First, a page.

__________were a band of Indians who stood to gain an advantage over their rivals at the end of the French and Indian War.

__________ is a British theory of government focusing on the rule of law and the principle of consent, in which one could not be subjected to laws or taxation except by duly elected representatives.

__________is the war that began in 1763 when the British abandoned the policy of the middle ground and cut off presents to the western Indians. In their uprising, the Indians destroyed nine British forts and attacked another four before the war ended in a draw.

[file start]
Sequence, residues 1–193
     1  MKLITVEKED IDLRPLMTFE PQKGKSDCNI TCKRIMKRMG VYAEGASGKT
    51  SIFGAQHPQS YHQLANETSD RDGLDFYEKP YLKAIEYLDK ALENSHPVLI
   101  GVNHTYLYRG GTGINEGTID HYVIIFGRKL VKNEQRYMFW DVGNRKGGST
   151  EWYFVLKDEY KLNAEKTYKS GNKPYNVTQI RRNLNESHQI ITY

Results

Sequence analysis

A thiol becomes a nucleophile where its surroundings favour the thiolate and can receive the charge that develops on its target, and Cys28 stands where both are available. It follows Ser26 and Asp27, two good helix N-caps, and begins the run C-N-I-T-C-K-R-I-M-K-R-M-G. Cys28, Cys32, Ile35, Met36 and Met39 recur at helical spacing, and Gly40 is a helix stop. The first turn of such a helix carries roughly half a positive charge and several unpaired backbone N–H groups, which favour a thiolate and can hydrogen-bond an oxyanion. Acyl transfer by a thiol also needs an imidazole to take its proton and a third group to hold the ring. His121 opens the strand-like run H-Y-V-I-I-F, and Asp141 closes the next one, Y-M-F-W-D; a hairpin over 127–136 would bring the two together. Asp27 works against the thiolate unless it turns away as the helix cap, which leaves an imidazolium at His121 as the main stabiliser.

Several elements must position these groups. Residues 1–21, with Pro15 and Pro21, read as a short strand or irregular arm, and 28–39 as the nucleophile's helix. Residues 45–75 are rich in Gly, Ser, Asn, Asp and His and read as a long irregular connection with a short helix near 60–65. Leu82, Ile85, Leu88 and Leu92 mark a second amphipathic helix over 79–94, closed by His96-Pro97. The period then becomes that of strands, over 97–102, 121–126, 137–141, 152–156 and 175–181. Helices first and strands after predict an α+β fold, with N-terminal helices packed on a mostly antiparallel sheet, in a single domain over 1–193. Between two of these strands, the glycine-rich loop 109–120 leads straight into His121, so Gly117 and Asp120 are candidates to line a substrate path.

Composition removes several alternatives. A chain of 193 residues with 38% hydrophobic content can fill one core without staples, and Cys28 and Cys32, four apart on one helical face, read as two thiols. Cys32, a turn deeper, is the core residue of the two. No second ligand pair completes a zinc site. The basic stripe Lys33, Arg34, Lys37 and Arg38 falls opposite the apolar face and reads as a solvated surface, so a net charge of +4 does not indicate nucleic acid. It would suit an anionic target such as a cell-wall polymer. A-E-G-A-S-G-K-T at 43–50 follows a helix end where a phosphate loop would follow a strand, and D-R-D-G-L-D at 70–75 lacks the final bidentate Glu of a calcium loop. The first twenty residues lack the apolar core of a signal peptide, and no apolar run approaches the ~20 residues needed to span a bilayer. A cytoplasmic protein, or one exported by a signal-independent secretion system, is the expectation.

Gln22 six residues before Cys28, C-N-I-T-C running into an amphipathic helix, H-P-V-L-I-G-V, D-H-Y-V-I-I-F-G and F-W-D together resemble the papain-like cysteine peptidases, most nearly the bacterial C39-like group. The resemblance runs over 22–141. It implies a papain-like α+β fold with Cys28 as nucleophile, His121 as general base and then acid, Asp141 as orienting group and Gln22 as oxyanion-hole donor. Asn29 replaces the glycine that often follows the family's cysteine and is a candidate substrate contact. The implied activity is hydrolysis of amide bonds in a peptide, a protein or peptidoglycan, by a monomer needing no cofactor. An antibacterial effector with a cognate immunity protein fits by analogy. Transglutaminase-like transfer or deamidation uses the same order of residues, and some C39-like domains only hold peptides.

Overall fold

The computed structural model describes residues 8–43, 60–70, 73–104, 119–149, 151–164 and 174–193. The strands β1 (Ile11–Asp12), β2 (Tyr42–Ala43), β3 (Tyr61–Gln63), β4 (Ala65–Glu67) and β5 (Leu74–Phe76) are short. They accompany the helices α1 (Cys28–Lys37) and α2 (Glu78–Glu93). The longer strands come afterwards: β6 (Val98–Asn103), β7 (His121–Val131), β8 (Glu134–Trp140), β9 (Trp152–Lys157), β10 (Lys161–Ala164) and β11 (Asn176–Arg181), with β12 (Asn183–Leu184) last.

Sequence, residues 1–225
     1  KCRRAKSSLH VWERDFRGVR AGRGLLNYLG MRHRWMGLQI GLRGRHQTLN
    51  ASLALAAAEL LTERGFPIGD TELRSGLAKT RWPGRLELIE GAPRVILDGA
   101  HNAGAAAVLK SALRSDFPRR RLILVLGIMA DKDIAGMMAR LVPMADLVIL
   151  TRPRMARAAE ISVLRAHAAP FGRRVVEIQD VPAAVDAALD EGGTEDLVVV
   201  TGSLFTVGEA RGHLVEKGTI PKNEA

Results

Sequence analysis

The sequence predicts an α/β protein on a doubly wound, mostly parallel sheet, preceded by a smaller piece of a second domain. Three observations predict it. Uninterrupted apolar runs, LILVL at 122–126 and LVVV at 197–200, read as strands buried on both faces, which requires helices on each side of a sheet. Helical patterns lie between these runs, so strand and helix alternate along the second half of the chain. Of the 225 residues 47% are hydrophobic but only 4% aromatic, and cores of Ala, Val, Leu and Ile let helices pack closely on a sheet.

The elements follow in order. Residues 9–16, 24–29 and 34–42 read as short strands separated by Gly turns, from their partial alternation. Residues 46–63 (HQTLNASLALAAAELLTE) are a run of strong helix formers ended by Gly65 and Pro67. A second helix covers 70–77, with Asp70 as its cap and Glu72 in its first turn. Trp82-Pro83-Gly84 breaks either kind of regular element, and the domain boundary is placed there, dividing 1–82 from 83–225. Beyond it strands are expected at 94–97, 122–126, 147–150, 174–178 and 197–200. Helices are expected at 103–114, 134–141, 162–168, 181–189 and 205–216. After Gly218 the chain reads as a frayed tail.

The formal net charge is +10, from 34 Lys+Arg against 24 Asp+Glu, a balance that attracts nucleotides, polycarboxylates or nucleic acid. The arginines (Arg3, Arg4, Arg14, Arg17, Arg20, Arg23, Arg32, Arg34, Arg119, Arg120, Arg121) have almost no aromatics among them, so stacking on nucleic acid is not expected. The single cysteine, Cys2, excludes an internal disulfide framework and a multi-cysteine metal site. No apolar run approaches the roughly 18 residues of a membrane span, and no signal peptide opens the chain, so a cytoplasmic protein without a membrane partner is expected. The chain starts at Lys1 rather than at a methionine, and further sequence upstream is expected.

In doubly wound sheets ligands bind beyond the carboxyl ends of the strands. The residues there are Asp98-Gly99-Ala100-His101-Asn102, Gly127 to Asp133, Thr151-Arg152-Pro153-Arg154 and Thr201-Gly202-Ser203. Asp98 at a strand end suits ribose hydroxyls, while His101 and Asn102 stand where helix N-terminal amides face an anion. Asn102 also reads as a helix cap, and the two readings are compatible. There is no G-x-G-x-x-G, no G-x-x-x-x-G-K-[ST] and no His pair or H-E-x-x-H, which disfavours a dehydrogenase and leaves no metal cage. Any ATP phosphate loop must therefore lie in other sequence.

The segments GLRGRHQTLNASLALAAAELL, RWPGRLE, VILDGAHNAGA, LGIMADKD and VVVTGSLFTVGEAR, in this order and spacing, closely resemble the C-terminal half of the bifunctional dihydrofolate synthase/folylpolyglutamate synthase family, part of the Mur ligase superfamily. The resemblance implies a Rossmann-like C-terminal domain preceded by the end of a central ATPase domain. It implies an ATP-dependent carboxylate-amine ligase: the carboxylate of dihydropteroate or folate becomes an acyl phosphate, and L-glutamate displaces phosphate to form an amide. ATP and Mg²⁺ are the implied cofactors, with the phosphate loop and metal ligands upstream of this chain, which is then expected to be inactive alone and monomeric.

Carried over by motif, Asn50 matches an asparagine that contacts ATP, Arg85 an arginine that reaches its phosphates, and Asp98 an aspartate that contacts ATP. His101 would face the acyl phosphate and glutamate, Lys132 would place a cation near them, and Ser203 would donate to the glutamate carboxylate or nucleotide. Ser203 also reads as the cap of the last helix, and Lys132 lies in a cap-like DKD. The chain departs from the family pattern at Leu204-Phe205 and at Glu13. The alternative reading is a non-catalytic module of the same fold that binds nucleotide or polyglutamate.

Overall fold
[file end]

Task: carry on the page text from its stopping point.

__________was a Bostonian son of a brewer and one of the most effective organizers of political resistance to British policies in the prewar era. He helped foment opposition to the Stamp Act.

__________ rose to the position of leader of the House of Commons during the Seven Years' War (French and Indian War). He was the first British leader who was as committed to a victory in the Americas as in Europe, believing that the future of the British Empire lay in the extended empire and its trade, and shifted Britain's aim in North America from simply regaining territory to seizing New France itself.